Prof Pratap Bhanu Mehta, an eminent Indian Political scientist shared his insights into incorporating socio-economic rights in the new constitution in Sri Lanka recently. Speaking at a public event organized by Advocata Institute, sponsored by Echelon Magazine, Prof. Mehta spoke about the Indian experience in trying to establish socio-economic rights through the courts. He also touched on whether there is empirical evidence to support the realisation of social and economic rights by embedding them in the constitution.
Contributing to current debates in Sri Lanka around the drafting of a new constitution, Prof. Mehta argues that it’s necessary to go beyond existing ideological and philosophical framing and ask the simple question of what precisely is the problem that constitutionalising socio-economic and cultural rights is meant to solve.
Prof. Mehta says that whilst we may all agree it’s good to have the best possible healthcare, education and other socio-economic factors, we may disagree on what the best institutional architecture is around the delivery of these factors to citizens. The second question, he said, is whether we as a society we’d want to trust judges and the courts over politicians and the democratic process to somehow deliver these rights.
Empirically, according to Prof. Mehta, there is very little evidence to suggest that constitutionalising socio-economic rights make a huge difference to governance or the delivery mechanisms. Speaking about the Indian experience, Prof. Mehta explained that B.R. Ambedkar, the chief framer of the Indian constitution was skeptical about including socio-economic rights. Ambedkar felt given that there is always a wide disagreement in society around economic matters, that the constitution shouldn’t ‘pre-judge’ any of these choices and that the enjoyment of these rights should be left to the give and take of representative politics, subject to iterative learning.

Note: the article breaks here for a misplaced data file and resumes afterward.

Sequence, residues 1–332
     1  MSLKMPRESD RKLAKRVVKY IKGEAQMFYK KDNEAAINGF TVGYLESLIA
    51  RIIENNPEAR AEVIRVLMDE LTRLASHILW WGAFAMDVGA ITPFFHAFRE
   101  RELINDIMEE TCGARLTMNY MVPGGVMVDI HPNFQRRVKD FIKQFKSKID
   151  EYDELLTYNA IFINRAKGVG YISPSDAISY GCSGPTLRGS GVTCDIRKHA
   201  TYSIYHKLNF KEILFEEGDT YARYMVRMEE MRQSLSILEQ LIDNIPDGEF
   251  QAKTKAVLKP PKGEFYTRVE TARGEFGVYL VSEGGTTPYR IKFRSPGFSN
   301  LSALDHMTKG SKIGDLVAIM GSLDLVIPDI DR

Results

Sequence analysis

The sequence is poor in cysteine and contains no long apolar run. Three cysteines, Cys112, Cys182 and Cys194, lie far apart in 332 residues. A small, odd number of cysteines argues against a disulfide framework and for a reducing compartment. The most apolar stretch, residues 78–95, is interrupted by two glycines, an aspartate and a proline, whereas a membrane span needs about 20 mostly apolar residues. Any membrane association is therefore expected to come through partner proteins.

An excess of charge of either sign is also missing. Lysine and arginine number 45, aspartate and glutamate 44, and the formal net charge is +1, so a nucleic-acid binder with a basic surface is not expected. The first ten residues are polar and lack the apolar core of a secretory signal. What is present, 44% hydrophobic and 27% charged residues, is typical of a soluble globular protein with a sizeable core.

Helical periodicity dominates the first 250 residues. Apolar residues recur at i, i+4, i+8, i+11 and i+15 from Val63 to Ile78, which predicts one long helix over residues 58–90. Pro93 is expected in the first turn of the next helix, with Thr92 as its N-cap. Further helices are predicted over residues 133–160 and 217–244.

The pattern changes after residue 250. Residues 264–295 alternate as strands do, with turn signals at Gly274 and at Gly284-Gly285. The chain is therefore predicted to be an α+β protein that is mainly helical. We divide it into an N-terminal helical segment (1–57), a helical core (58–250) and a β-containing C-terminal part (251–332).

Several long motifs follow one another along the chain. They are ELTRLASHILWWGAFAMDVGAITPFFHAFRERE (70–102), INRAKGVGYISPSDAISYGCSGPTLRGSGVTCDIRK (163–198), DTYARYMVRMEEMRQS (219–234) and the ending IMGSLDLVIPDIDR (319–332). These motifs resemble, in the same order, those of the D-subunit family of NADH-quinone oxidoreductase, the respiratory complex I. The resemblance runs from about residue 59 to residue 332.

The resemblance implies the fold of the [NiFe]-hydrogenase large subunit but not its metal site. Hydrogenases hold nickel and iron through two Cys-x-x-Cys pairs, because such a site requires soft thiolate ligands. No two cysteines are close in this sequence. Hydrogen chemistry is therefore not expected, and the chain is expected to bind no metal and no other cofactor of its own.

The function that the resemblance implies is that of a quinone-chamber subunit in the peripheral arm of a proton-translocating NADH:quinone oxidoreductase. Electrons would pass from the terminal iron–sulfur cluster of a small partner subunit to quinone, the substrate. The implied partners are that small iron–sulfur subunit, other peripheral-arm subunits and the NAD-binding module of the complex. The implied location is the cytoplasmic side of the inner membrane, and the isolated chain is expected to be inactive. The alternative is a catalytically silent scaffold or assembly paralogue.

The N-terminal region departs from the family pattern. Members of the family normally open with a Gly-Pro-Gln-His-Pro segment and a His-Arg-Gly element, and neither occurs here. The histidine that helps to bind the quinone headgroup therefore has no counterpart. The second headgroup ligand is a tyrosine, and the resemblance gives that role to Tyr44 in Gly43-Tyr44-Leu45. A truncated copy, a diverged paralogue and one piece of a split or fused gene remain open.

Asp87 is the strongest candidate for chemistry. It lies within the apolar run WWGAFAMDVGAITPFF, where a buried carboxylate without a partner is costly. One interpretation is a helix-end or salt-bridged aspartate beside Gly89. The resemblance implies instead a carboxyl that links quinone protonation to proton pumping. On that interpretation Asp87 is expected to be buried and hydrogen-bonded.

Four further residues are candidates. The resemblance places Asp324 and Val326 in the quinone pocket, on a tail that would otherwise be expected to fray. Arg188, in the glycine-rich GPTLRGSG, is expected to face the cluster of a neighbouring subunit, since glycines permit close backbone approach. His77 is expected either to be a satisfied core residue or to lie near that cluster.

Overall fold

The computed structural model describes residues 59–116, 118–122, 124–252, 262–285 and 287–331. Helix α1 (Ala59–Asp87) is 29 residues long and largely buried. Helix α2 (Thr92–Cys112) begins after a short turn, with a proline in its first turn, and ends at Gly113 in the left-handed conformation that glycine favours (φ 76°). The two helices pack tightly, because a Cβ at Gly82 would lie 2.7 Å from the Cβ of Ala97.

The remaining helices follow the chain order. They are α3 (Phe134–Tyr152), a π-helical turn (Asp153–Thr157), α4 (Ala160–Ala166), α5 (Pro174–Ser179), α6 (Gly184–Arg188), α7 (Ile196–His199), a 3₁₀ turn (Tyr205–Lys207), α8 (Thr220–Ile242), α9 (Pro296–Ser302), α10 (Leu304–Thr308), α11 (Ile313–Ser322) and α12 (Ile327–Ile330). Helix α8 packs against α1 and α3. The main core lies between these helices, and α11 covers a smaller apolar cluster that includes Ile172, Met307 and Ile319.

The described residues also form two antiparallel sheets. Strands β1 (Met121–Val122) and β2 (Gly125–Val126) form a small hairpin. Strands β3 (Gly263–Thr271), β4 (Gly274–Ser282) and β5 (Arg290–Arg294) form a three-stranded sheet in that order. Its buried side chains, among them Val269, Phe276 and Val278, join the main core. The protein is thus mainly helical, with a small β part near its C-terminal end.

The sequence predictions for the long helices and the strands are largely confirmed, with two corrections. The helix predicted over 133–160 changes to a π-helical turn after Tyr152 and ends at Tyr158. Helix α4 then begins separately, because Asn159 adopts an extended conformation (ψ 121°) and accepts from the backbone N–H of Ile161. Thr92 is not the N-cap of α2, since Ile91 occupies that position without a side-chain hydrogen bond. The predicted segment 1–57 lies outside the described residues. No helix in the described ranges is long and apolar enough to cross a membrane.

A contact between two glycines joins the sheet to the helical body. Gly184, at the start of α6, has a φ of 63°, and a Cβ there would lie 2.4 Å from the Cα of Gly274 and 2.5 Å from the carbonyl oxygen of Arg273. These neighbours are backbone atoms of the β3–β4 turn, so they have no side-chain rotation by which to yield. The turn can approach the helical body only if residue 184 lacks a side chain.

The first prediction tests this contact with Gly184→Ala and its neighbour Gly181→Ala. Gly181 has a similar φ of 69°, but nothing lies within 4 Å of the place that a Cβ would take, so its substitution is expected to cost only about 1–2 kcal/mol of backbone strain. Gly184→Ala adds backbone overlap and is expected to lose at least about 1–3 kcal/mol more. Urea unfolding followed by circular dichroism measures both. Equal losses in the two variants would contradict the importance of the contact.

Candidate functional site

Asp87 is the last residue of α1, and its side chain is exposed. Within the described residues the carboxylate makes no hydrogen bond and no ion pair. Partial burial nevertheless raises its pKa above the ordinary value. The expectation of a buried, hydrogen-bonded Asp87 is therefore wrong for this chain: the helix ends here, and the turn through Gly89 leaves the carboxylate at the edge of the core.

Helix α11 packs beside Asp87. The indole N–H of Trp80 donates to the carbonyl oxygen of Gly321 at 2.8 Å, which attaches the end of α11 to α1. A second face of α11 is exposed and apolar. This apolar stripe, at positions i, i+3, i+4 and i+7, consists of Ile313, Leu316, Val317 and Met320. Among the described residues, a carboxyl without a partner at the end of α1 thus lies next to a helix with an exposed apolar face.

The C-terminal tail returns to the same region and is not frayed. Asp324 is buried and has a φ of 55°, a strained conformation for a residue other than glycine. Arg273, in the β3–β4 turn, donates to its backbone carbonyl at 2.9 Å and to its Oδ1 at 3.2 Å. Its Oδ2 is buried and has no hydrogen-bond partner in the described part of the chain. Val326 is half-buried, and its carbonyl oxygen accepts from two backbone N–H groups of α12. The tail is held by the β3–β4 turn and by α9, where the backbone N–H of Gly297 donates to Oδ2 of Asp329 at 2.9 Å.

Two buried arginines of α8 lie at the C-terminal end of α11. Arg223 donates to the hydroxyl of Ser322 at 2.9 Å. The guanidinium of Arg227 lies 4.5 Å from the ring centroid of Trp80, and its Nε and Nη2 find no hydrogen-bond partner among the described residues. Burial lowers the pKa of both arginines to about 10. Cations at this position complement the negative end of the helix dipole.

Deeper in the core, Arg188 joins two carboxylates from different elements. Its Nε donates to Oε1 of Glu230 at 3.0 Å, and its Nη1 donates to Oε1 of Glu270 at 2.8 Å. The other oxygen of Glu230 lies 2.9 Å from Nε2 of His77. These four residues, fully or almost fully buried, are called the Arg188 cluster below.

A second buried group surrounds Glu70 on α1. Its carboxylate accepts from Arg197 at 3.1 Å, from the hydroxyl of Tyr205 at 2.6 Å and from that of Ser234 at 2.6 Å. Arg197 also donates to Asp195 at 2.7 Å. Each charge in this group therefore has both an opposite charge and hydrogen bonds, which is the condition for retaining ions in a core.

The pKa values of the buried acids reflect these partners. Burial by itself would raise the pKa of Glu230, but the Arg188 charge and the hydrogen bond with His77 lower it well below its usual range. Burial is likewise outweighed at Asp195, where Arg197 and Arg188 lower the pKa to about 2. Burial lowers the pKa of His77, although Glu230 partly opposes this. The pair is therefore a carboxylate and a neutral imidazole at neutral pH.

However, since about the 1990’s, Indian courts have taken the provision of ‘right to life’ and broadly interpreted it to include wide socio-economic rights. But such recognition has not resulted in significant improvements within the Indian governance architecture to actually deliver these rights. In fact, it has sometimes had the perverse effect where it has weakened property rights as a result of judicial activism being used by the state to dispossess the poor, more than it has dispossessed the rich.
If the society in Sri Lanka in fact decides that it must have economic and social rights in the constitution, Prof. Mehta noted that it is important to put in place a clear legislative framework that will sit underneath those rights. This must entail establishing the specific national laws and practices in which the rights are supposed to be exercised. It becomes then a conditional right and not an unspecified right.
Otherwise, according to Prof. Mehta, Sri Lanka might end up realising Ambedkar’s worst fears – an economy governed by courts, power taken away from the democratic process and a perverse outcome where ‘rights’ are used to protect the privileged rather than to protect the weak and the vulnerable.
Prof. Mehta’s full remarks are embedded in the video below.
Editors note: For related content that looks into the inclusion of socio-economic rights into Sri Lanka’s new constitutions, click here.